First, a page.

A new Associated Press poll gives the GOP a small advantage on the so-called generic Congressional ballot, a significant reversal from its January survey:
The latest Associated Press-GfK poll holds bad news for President Barack Obama, but as the November elections draw closer, there are ominous signs for congressional Democrats as well. Preferences for control of Congress are tight, but Republicans have gained on Democrats since January. Thirty-six percent in last month's poll said they would rather see the Democrats in charge of Congress and 37 percent chose Republicans. Democrats held a narrow advantage on that question in January, when 39 percent favored the Democrats and 32 percent the Republicans...That's not the only positive sign in the poll for the Republicans. Favorable views of the GOP have improved, with 38 percent overall now saying they hold a favorable impression of the Party. Republicans' positive view of their own party has increased from 57 percent in January to 72 percent now. Even impressions of the tea party movement have shifted more positive in recent months.
That's an eight point swing, and any GOP lead on this question is pretty big news, as Democrats have traditionally performed better on this measure. Republican favorability has been in the toilet for years, with the GOP consistently trailing Democrats on that metric, too. But much of that gap has been attributable to self-identified Republicans disapproving of their own party, whereas rank-and-file Democrats have remained far more loyal to their party's brand. The GOP's image rebound is a function of a larger share of their voters "coming home," so to speak. Meanwhile, political independents have been roughly equally sour on both parties, though they're currently trending Republican as a voting bloc. A big reason behind Republicans' surge is a clear intensity gap among the two parties' core constituencies, a phenomenon that's manifested itself in other recent polling:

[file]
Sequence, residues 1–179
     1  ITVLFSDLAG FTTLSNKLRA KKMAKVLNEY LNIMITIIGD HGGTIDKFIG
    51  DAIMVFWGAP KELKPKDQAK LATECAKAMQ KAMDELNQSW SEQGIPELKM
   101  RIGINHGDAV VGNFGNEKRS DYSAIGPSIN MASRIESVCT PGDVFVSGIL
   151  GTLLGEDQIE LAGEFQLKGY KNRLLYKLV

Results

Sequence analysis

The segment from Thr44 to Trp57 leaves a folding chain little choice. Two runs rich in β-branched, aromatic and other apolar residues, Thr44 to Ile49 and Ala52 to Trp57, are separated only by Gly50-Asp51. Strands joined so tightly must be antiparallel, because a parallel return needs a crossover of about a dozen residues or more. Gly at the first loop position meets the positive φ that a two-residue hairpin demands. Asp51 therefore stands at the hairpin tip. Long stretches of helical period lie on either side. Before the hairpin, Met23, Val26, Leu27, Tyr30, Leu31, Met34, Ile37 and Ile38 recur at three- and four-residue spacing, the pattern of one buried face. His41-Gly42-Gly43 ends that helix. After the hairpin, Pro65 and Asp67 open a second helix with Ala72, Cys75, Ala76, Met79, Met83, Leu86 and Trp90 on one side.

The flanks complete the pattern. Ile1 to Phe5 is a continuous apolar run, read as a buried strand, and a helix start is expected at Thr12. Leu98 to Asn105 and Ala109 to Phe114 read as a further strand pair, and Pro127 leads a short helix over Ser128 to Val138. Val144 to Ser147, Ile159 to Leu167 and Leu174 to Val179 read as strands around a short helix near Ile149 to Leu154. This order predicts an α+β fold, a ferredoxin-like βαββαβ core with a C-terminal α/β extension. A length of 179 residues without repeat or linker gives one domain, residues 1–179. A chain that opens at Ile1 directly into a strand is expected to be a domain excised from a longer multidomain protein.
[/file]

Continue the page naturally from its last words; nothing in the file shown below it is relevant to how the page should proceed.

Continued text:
In the new poll, registered voters who are most strongly interested in politics favored the Republicans by 14 percentage points, 51 percent to 37 percent. In January, this group was about evenly split, with 42 percent preferring Democrats and 45 percent the Republicans.
Democrats are seeking to counter this trend by energizing their base through a series of pure messaging votes in the Senate, by dispatching Joe Biden to denounce so-called "voter suppression" attempts by Republicans, and by giving vulnerable members lots of face time to promote popular agenda items:
It's all an attempt to shift the conversation away from the hobbled economy and an enduringly unpopular healthcare law. Part of the strategy also entails Harry Reid steadfastly refusing to allow any Republican amendments on practically any bills under consideration, thus insulating his members from taking tough votes. He defends this abuse of power by blaming the Koch brothers. Reid has used a controversial debate-stifling maneuver more often than his last six predecessors combined, dating back to the 1970s. Senate Democrats have also declined to offer a budget for the fourth time in five years, despite their statutory obligation to do so.